It takes more than a few flakes to deter letter carriers from making their appointed rounds throughout the midwest and upper midwest, “but, if we cannot reach your mailbox, we cannot deliver your mail,” said Kristy Anderson, strategic communications specialist for the United States Postal Service (USPS). “The postal service treats safety and service with equal priority. “That’s why we remind you to include that mailbox in your snow removal routine.”
Letter carriers are on the front line of severe weather conditions. Doorstep deliveries, painted porches and steps quickly grow hazardous.
“While salting and rubber-backed mats help, we rely on you to clear the snow,” Anderson said. “If there’s a warm spell, and the melting snow puddles, a quick freeze can make a sidewalk slick again.”
Residents who receive delivery to roadside mailboxes also must keep the approach to, and exit from, the mailbox clear of snow or any other obstacles, like trash cans and other vehicles.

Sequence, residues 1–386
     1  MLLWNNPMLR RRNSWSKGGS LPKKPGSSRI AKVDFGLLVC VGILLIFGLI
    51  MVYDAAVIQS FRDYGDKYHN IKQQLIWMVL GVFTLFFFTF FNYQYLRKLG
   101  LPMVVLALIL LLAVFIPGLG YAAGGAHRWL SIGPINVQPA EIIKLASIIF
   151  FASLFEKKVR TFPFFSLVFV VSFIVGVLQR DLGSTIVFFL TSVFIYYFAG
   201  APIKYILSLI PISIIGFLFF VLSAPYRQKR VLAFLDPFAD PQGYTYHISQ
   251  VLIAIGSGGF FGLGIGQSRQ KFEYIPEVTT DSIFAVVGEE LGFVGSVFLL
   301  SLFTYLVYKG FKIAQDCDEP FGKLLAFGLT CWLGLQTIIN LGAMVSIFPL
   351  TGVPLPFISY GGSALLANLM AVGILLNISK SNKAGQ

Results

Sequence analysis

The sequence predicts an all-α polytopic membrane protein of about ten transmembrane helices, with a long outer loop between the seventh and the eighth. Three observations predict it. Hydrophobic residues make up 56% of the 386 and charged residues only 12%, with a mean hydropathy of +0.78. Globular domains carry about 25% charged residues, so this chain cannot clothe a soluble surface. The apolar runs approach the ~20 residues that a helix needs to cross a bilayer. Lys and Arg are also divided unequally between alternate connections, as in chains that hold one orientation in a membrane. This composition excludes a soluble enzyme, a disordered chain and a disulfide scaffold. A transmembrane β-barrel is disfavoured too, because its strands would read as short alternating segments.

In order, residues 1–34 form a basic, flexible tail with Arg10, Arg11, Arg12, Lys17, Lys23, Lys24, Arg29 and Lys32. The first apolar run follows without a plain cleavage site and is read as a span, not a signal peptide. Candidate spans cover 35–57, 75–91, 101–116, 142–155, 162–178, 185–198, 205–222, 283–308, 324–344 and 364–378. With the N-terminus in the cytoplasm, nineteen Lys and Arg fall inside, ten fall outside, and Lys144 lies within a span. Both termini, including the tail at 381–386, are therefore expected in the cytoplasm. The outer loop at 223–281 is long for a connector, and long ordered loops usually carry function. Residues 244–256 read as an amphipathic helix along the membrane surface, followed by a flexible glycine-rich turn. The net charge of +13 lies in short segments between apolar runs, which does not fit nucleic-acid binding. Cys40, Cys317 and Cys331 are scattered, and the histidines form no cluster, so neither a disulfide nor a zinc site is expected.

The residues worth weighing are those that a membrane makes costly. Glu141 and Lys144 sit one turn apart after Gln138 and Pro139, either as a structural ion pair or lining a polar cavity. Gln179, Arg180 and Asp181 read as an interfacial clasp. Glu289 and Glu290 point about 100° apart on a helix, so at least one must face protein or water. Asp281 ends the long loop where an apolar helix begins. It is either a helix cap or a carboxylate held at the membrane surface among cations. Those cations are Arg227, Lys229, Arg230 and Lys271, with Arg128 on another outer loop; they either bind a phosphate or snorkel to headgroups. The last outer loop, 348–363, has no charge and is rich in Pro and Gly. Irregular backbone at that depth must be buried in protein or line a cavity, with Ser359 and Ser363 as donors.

“The carrier needs to get in, and then out, without leaving the vehicle or backing up,” said Anderson. “The area near the mailbox should be cleared in a half-moon shape to give the carrier full visibility. Please watch for slow-moving postal vehicles, carriers on foot and children that play near mailboxes or snow banks, and don’t zip by neighbors who are clearing mailboxes or collecting their mail. Let’s all stay safe.”
The postal service receives no tax dollars for operating expenses and relies on the sale of postage, products and services to fund its operations.
Learn more at usps.com.
– Photo courtesy of the Internet Public Domain